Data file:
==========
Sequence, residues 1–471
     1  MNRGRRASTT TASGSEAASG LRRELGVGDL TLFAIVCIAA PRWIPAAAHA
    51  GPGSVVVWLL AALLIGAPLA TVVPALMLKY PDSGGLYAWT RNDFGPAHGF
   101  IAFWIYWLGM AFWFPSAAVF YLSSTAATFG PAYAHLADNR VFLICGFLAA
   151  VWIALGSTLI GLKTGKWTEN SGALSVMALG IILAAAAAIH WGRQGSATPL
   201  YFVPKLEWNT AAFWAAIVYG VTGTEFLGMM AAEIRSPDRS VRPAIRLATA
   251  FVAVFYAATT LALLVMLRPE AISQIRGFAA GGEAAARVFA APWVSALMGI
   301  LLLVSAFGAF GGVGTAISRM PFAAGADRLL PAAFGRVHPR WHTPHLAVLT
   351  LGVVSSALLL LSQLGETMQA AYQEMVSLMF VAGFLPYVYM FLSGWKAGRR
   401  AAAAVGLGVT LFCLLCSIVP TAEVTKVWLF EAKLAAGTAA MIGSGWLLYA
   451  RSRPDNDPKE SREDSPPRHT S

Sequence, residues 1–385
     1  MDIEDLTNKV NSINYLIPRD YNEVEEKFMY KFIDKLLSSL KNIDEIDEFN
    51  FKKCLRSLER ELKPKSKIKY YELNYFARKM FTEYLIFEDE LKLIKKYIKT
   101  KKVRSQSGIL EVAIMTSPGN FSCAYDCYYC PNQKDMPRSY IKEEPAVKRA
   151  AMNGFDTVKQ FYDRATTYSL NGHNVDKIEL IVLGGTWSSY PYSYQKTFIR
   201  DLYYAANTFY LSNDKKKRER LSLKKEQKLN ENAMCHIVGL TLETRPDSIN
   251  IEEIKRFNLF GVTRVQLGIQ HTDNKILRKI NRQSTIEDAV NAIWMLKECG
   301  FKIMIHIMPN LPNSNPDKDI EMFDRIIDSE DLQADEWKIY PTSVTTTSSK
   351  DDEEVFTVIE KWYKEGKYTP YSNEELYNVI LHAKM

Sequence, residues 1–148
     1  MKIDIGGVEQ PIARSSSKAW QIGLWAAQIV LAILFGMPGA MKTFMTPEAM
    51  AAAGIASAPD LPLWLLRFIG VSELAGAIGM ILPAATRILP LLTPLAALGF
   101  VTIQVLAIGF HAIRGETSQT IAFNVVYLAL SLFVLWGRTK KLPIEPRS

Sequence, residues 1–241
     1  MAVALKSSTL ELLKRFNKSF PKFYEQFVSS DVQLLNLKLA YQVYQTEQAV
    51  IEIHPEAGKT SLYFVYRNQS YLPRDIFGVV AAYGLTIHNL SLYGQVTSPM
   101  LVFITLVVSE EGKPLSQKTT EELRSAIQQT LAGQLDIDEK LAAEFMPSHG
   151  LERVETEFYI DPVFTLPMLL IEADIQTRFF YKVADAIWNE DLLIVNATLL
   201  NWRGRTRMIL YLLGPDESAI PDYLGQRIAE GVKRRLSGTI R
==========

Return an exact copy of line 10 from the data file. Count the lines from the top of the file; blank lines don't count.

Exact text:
   401  AAAAVGLGVT LFCLLCSIVP TAEVTKVWLF EAKLAAGTAA MIGSGWLLYA